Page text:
It takes hands to build a house, but only hearts can build a home.

Author Unknown

Monday, June 10, 2013

Chapter 6, Page 10, Book 13

Specially blended for nostalgic memories…Part 2

Yesterday I talked about my grandparents front porch and today I'm going to take you to the back porch.  The back porch was almost as long as the front porch but it was in the shape of an L.  Instead of a porch swing it had a long bench.  Along side the bench was the washer.  At the end of the L was the well.  The well was in use for most of my child hood.  They later on modernized things a bit and had a pump by the kitchen sink.

The well was quite a scary place when I was young.  We were well warned never to take chances and lean over in the well.  It had a crank handle that you'd turn to lower or raise a bucket in the well to draw water.  To this day I remember how good and cool and refreshing that water was.  They said it was spring fed and was pure as could be.  I don't think that well ever went dry.  When hot summer would leave other wells dry, my grand parents always had plenty.

The bench on the back porch wasn't for sitting and relaxing.  It was used mostly by Poppy, my grandfather, when he'd come in from his farm chores.  He'd sit down there to remove his boots.  Doing farm chores is plenty dirty, so he wore those boots faithfully.  

The washer was an old fashioned wringer washer.  One summer I learned how to wash clothes in it and have been very thankful ever since for the invention of the modern washing machines.  First you'd have to fill the tub of the washer with hot water.  You'd heat the water on the kitchen stove and carry it out to porch and dump it in the washer.  Of course before you could heat it, you would have had to draw the water from the well.

After the tub was filled with hot water and I mean boiling hot water, you added the detergent and the 1st load of clothes.  The first being the white clothing like t-shirts, underwear and socks. The next load would be all the dishtowels, towels and table clothes, sheets, and pillow cases.  .  After that load would come a load of lighter colored things like dresses or shirts.  Finally the last load would be the dark clothing.  Usually this was my grandfathers pants and socks.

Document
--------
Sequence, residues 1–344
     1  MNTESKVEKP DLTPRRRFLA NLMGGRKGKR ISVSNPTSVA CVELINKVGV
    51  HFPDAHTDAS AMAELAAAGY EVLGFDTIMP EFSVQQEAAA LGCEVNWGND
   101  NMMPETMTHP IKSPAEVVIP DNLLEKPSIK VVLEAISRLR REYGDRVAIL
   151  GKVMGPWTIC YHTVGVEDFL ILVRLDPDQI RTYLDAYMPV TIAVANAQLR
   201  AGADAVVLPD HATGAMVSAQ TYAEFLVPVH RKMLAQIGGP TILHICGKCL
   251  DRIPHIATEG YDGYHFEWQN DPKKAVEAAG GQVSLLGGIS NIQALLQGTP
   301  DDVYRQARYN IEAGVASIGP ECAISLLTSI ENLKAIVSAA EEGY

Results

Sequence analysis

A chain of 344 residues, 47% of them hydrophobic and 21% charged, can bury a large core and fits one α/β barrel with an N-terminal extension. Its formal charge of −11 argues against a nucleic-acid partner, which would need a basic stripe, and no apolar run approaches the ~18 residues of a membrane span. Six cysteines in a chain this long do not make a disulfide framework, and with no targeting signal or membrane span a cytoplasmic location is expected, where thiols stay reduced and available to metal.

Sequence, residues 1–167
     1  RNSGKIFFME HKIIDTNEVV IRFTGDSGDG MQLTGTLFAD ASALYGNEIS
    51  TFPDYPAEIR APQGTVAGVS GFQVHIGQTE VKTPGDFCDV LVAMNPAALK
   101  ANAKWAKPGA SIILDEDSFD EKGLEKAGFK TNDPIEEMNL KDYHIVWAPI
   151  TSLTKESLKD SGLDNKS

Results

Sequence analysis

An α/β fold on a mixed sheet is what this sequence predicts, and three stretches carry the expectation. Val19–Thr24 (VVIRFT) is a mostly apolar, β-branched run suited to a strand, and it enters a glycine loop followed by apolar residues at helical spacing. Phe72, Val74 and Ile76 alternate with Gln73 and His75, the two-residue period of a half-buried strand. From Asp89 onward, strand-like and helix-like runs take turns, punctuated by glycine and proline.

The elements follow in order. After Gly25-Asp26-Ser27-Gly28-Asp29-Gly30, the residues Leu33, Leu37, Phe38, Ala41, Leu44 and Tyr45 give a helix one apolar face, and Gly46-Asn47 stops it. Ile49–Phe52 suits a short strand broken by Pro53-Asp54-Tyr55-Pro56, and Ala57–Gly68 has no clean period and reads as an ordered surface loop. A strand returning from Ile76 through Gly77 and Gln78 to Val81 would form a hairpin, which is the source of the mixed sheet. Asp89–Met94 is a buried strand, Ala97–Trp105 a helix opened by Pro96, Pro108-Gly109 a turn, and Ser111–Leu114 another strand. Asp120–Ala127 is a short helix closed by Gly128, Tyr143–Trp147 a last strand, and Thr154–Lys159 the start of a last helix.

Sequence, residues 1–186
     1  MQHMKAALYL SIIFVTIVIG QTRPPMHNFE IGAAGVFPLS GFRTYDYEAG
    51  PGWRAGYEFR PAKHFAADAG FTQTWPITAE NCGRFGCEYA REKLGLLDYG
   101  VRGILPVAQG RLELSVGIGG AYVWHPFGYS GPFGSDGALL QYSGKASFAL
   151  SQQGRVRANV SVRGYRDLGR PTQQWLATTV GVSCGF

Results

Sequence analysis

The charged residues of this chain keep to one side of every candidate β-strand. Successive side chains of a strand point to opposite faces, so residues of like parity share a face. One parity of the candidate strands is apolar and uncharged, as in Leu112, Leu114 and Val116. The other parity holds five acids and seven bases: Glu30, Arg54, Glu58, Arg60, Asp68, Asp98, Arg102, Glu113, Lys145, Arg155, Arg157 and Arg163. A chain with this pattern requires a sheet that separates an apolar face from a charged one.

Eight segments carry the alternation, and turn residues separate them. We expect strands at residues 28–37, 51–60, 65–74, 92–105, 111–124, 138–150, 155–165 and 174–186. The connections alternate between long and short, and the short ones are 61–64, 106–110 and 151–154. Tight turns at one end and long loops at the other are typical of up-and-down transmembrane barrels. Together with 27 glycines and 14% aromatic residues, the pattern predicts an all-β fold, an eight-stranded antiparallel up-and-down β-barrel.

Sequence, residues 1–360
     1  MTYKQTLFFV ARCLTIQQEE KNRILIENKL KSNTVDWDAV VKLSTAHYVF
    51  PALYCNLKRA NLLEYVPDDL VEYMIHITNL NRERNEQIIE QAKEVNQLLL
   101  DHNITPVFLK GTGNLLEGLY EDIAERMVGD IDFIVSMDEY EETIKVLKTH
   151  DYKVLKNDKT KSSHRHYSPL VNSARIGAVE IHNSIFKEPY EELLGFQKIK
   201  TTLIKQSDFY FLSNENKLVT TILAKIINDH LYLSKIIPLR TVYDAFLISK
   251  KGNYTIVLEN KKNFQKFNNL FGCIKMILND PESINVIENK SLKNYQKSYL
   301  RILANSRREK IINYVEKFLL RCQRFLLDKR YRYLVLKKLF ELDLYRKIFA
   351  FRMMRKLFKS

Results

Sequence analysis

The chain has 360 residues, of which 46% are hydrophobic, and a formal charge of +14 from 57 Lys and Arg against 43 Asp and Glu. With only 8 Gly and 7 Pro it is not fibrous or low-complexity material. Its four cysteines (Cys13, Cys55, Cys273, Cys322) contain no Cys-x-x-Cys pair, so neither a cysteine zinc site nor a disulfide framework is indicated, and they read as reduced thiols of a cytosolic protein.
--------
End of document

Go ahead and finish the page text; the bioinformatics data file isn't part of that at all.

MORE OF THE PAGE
All of these loads were washed in the same tub of water.  It was used over and over.  Now after each load was put through the wringer, they'd go into a big tub of rinse water.  We'd use a large paddle like wooden stick to take the clothes out of the washer as they were still very hot. You'd use the same paddle to put the clothes through the wringer too so you're fingers wouldn't get caught.  The rinse water didn't have to be heated but it still had to be drawn from the well.  After things were thoroughly rinsed they'd have to be put through the wringer again and landed in a clothes basket to be hung out to dry on the clothes line right off the back porch.  

I remember one time when I was feeling very proud of myself for having hung up the laundry when along came one of my aunts who asked me what on earth I thought I was doing.  She promptly informed me that you hung the pants by the ends of the legs and the shirts by their tales.  All that work had to be done over again.  

I didn't like the back porch half as well as I did the back porch, but I do fondly remember the lessons I learned there.

After my grand parents died, the house was torn down.  But the farm and the barn is still there.  


BlueRidge Boomer said...

I remember doing wash like that....Monday was wash day and if it was raining, we hung clothes on a line. strung under the rafters of the porch...!!

Martha@SeasideSimplicity said...

That reminds me so much of my grandparents farm in Tennessee. I spent my summers there as a young child. By the time I was born my grandfather had already passed and my grandmother was paralyzed from a stroke, but all that stuff was still there and she told me all the stories of how things were done. They had 12 children to care for living in those old fashion ways. I can't even imagine!

After my grandmother died the property was sold, everything was torn down. It still makes me so sad.


What a rich history you have. I know what a chore those old wringer washers were because we had one even in the 60's.

Chatty Crone said...

Oh how I enjoyed that story. My grands had a back porch similar - but the rest - told me more about them too. sandie

jack69 said...

This is so good, thanks. Love the things it brings to mind. Yes Wash day was a chore, but to a kid, seeing those wringers squeezing the water amazed me. I watched them like kids watch TV today.
Mama used bluing, I learned later it was some sort of a bleach for whites.
Thanks, great read....

Anne said...

I do remember how wringer washer! Was renting a flat up in Darwin way back when I was in my early to mid twenties. They had one of these and I just HATED it as everytime I tried to wind my sheets through they would start winding around the top part and hitting the lever to stop it wouldn't work so by the time I did get it to stop I had one big mess and would take me ages to unwind it as it was wound around so tight.
and put rubber diapers through that wringer diapers and explodes and I ruined a couple of shirts
And you had the clothes you déjas caught in the wringer? or ruined a couple of shirts?